Malaysia election

Former Malaysian prime minister Najib Razak quits as leader of his coalition and party after he and his wife Rosmah Mansor ‘blacklisted’ from leaving the country

Najib was defeated in this week’s election, ending a premiership battered by allegations he oversaw the plundering of billions of dollars from sovereign wealth fund 1MDB

PUBLISHED : Saturday, 12 May, 2018, 11:18am
UPDATED : Saturday, 12 May, 2018, 6:43pm

Malaysia’s scandal-hit former prime minister Najib Razak and his wife Rosmah Mansor were on Saturday banned from leaving the country after his Barisan Nasional (BN) coalition’s shock election loss.

Hours later, Najib quit as the head of the BN coalition and his party, the United Malays National Organisation (Umno), the main party in the coalition.

“I have taken the decision to step down as president of Umno and chairman of Barisan Nasional immediately,” Najib told a press conference. “If the party failed in the general election, the leader has the moral obligation to step aside. So based on this principle I have decided to give up both positions.

“We accept the people’s verdict with an open heart. Maybe this will be an opportunity for us to fix our weaknesses and shortcomings, although these are more a matter of perceptions than reality. God willing, Umno will continue to live.”

Ahmad Zahid Hamidi, the former deputy prime minister, would take over as Umno president, he said.

Earlier, Mustafar Ali, director general of the immigration department. confirmed: “The immigration department has just now blacklisted Najib and Rosmah from leaving the country.”

Najib said in a tweet: “I have just been informed by the immigration department of Malaysia that my family and I are not allowed to go abroad. I respect the decision and I will remain in the country with my family.”

Earlier on Saturday, Najib said he was going to take a “short break” after his election loss, as an angry crowd descended on an airport amid speculation he would fly out of the country.

Reports had circulated on social media that Najib and his wife were due to board a private jet and fly to Indonesia.

Najib’s long-ruling coalition lost to an alliance headed by Mahathir Mohamad, 92, himself a former premier who came back to take on his former protégé Najib.

Since his defeat, there has been speculation Najib and his wife might try to flee the country as the new government has vowed to investigate a massive financial scandal that the former leader has been implicated in.

In a series of early morning tweets, Najib said: “I will take a short break to spend time with my family whom I have not seen enough of in recent years. I pray that after this divisive period, the country will unite.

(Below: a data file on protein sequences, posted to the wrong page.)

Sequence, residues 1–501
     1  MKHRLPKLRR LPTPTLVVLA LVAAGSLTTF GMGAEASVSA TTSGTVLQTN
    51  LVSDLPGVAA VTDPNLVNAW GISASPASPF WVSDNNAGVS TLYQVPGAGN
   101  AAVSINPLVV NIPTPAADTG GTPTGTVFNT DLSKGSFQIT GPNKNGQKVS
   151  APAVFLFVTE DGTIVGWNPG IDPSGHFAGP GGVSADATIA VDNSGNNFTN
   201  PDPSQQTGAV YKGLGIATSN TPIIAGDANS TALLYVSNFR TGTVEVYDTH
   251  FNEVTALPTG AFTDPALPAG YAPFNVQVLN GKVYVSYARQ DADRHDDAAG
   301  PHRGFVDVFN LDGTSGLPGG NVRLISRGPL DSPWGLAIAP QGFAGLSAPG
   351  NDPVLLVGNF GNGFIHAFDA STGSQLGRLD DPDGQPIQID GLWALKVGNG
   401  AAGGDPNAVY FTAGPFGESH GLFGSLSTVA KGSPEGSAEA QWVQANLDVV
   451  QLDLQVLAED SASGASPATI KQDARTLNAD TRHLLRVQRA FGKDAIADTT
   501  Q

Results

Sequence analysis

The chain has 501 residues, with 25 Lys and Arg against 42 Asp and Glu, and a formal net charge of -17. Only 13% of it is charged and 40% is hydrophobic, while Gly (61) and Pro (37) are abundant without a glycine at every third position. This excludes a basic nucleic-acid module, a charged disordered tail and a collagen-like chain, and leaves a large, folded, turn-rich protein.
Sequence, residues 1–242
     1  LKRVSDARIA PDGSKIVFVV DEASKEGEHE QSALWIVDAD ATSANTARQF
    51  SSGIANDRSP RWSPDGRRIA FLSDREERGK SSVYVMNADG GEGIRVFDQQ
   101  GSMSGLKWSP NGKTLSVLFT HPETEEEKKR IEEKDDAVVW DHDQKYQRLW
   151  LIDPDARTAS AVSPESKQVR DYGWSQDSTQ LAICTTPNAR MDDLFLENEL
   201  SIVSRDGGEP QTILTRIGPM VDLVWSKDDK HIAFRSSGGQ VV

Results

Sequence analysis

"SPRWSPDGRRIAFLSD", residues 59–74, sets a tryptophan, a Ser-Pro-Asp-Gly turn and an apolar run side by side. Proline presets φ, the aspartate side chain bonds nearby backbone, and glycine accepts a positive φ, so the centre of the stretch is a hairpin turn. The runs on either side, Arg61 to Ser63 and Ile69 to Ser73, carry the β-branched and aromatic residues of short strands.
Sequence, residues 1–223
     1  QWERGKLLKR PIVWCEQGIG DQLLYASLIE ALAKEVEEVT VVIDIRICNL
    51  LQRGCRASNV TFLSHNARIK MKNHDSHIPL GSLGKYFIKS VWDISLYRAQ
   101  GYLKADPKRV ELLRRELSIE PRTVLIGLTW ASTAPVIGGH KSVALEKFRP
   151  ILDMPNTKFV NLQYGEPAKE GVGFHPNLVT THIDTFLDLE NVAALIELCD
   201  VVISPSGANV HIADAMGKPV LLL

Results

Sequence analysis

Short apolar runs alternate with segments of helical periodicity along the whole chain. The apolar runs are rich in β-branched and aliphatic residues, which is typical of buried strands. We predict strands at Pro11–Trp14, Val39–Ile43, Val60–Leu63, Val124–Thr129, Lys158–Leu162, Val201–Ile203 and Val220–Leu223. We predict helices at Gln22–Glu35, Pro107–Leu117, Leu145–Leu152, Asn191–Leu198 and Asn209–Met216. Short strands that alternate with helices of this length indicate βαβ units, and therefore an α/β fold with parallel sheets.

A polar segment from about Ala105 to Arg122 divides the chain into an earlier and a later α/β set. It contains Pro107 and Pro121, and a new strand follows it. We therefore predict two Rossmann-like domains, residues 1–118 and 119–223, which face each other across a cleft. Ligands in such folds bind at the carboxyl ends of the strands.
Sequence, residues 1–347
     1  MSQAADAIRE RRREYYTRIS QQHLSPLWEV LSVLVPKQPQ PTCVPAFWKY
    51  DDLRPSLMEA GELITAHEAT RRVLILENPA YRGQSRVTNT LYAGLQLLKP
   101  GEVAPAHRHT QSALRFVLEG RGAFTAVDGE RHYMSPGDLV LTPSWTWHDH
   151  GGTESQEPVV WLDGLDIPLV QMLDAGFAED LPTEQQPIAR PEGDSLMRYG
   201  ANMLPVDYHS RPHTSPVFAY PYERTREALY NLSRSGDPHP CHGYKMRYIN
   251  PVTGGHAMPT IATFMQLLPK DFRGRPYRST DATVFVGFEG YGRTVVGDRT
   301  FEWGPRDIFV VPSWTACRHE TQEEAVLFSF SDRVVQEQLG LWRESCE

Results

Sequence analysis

“I apologise for any shortcomings and mistakes, and I thank you, the people, for the opportunity to lead our great nation.”

He did not give further details about his plans.

About 40 members of the public, accompanied by a large pack of journalists, descended on Subang Airport, a small airport just outside the capital in the early hours. Riot police were stationed outside the gate where people believed Najib would enter.

It came after what was believed to be a manifest circulated online showing Najib and his wife were due to board a flight from the airport to Jakarta on Saturday morning.

Watch: Mahathir is Malaysia’s oldest PM

A white van with heavily tinted windows arrived and was quickly surrounded by an angry crowd who demanded that the vehicle be opened so they could see who was inside.

They tried to rock the vehicle and one man shouted “I hate Rosmah”. The ex-leader’s wife is hugely unpopular, due to her imperious manner and a reported love of luxury shopping trips.

But someone rolled down the van’s window to show Najib was not inside, prompting the crowd to back off and allow the vehicle to enter the airport.

Watch: what Mahathir’s win means for Malaysia

Businessman Raja Singham, 49, who had tried to block the van from entering, said: “We have the right to know who is inside the car, as a citizen I will fight for that. We have suffered for so many years. I don’t want them to get out of the country.”

Mahathir’s victory broke the grip on power of Najib’s coalition, which had ruled Malaysia uninterrupted since independence from Britain in 1957.

Najib’s premiership was battered by allegations he oversaw the plundering of billions of dollars from sovereign wealth fund 1MDB.

The US State Department has alleged in civil lawsuits that US$4.5 billion was looted from the fund in an audacious scheme of fraud and money-laundering, and was used to buy everything from artworks to high-end real estate in the United States. Najib and the fund deny any wrongdoing.

Mahathir, who is the world’s oldest elected leader, has said that the king has agreed to pardon jailed leading politician Anwar Ibrahim, his former nemesis turned ally.

This would pave the way for Anwar’s return to politics and to potentially become premier later.

Anwar was heir-apparent to Mahathir until they had a dramatic falling out, and Mahathir sacked him in 1998, and he was subsequently jailed. He was released but he was imprisoned again under Najib’s rule in 2015.